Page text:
US10089700B2 - Method and system for viewing a contact network feed in a business directory environment - Google Patents

Method and system for viewing a contact network feed in a business directory environment Download PDF

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US10089700B2
US10089700B2 US15/130,286 US201615130286A US10089700B2 US 10089700 B2 US10089700 B2 US 10089700B2 US 201615130286 A US201615130286 A US 201615130286A US 10089700 B2 US10089700 B2 US 10089700B2
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contact
network
user
system
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US20160232618A1 (en
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Seema Kumar
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salesforce com Inc
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salesforce com Inc
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Priority to US15/130,286 priority patent/US10089700B2/en
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    • GPHYSICS
    • G06COMPUTING; CALCULATING; COUNTING
    • G06QDATA PROCESSING SYSTEMS OR METHODS, SPECIALLY ADAPTED FOR ADMINISTRATIVE, COMMERCIAL, FINANCIAL, MANAGERIAL, SUPERVISORY OR FORECASTING PURPOSES; SYSTEMS OR METHODS SPECIALLY ADAPTED FOR ADMINISTRATIVE, COMMERCIAL, FINANCIAL, MANAGERIAL, SUPERVISORY OR FORECASTING PURPOSES, NOT OTHERWISE PROVIDED FOR
    • G06Q50/00Systems or methods specially adapted for specific business sectors, e.g. utilities or tourism
    • G06Q50/01Social networking
    • GPHYSICS
    • G06COMPUTING; CALCULATING; COUNTING
    • G06FELECTRIC DIGITAL DATA PROCESSING
    • G06F16/00Information retrieval; Database structures therefor; File system structures therefor
    • G06F16/20Information retrieval; Database structures therefor; File system structures therefor of structured data, e.g. relational data
    • G06F16/24Querying
    • G06F16/245Query processing
    • G06F16/2457Query processing with adaptation to user needs
    • G06F16/24575Query processing with adaptation to user needs using context
    • GPHYSICS
    • G06COMPUTING; CALCULATING; COUNTING
    • G06FELECTRIC DIGITAL DATA PROCESSING
    • G06F16/00Information retrieval; Database structures therefor; File system structures therefor
    • G06F16/90Details of database functions independent of the retrieved data types
    • G06F16/95Retrieval from the web
    • G06F16/953Querying, e.g. by the use of web search engines
    • G06F16/9535Search customisation based on user profiles and personalisation
    • G06F17/30528
    • G06F17/30867
    • GPHYSICS
    • G06COMPUTING; CALCULATING; COUNTING
    • G06QDATA PROCESSING SYSTEMS OR METHODS, SPECIALLY ADAPTED FOR ADMINISTRATIVE, COMMERCIAL, FINANCIAL, MANAGERIAL, SUPERVISORY OR FORECASTING PURPOSES; SYSTEMS OR METHODS SPECIALLY ADAPTED FOR ADMINISTRATIVE, COMMERCIAL, FINANCIAL, MANAGERIAL, SUPERVISORY OR FORECASTING PURPOSES, NOT OTHERWISE PROVIDED FOR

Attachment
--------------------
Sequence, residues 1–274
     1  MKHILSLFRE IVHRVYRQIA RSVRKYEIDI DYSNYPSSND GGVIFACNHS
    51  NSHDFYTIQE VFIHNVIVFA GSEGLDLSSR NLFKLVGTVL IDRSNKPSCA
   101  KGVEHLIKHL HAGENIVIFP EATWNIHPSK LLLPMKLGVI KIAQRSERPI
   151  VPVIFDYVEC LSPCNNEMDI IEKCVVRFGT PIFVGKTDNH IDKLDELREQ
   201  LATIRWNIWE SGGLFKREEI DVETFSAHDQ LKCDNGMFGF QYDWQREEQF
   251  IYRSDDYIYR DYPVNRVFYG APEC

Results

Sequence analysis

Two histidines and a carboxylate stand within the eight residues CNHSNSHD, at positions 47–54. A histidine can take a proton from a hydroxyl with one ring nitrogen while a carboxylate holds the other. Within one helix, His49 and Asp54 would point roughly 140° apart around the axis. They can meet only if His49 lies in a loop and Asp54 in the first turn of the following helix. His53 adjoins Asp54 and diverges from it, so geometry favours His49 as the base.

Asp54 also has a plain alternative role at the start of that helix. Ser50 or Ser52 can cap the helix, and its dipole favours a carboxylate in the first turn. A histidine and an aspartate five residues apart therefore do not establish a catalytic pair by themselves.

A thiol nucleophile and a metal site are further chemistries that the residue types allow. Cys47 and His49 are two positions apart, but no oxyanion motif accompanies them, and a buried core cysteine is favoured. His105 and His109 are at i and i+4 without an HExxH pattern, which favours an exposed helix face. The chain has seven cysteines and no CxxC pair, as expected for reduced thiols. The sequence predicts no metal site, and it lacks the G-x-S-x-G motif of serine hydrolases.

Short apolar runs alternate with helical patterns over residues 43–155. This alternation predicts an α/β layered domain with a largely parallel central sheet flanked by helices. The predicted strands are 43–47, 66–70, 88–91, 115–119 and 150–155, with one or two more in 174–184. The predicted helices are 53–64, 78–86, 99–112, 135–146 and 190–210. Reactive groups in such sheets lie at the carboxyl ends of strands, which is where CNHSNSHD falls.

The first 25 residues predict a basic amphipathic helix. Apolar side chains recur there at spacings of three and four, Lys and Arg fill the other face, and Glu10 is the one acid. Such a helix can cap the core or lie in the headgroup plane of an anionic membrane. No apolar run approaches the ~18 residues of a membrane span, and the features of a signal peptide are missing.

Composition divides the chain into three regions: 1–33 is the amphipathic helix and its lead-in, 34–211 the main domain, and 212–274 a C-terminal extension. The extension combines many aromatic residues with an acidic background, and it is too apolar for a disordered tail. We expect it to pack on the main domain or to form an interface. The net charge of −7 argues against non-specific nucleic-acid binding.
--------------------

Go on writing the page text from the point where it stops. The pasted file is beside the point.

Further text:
• G06Q10/00Administration; Management
    • G06Q10/06Resources, workflows, human or project management, e.g. organising, planning, scheduling or allocating time, human or machine resources; Enterprise planning; Organisational models
    • HELECTRICITY
    • H04ELECTRIC COMMUNICATION TECHNIQUE
    • H04LTRANSMISSION OF DIGITAL INFORMATION, e.g. TELEGRAPHIC COMMUNICATION
    • H04L51/00Arrangements for user-to-user messaging in packet-switching networks, e.g. e-mail or instant messages
    • H04L51/32Messaging within social networks
    • HELECTRICITY
    • H04ELECTRIC COMMUNICATION TECHNIQUE
    • H04LTRANSMISSION OF DIGITAL INFORMATION, e.g. TELEGRAPHIC COMMUNICATION
    • H04L65/00Network arrangements or protocols for real-time communications
    • H04L65/40Services or applications
    • H04L65/403Arrangements for multiparty communication, e.g. conference
    • HELECTRICITY
    • H04ELECTRIC COMMUNICATION TECHNIQUE
    • H04LTRANSMISSION OF DIGITAL INFORMATION, e.g. TELEGRAPHIC COMMUNICATION
    • H04L65/00Network arrangements or protocols for real-time communications
    • H04L65/10Signalling, control or architecture
    • H04L65/1013Network architectures, gateways, control or user entities
    • H04L65/1063Application servers

Abstract

Systems and methods are provided for viewing a contact network feed in a business directory environment. A system searches, based on a user specified search, a business directory to determine contacts, identifies network feeds associated with the contacts, and outputs the network feeds. For example, the system outputs network feeds from data center managers identified by the business directory. The system filters, based on a user specified filter, the network feeds to determine filtered network feeds, and outputs the filtered network feeds to a display device. For example, the system outputs the network feeds from data center managers that mention a specific product. The system can enable communication with a contact using contact information from the business directory. The system can subscribe a user to the network feed of a contact, wherein the user receives updates for the network feed of the contact via a feed to a display device.

Description

CLAIM OF PRIORITY

This application is a continuation of U.S. application Ser. No. 13/558,577, filed Jul. 26, 2012, now U.S. Pat. No. 9,325,750, which claims the benefit of U.S. Provisional Patent Application 61/524,935, filed Jul. 26, 2011, the entire contents of which are incorporated herein by reference.

COPYRIGHT NOTICE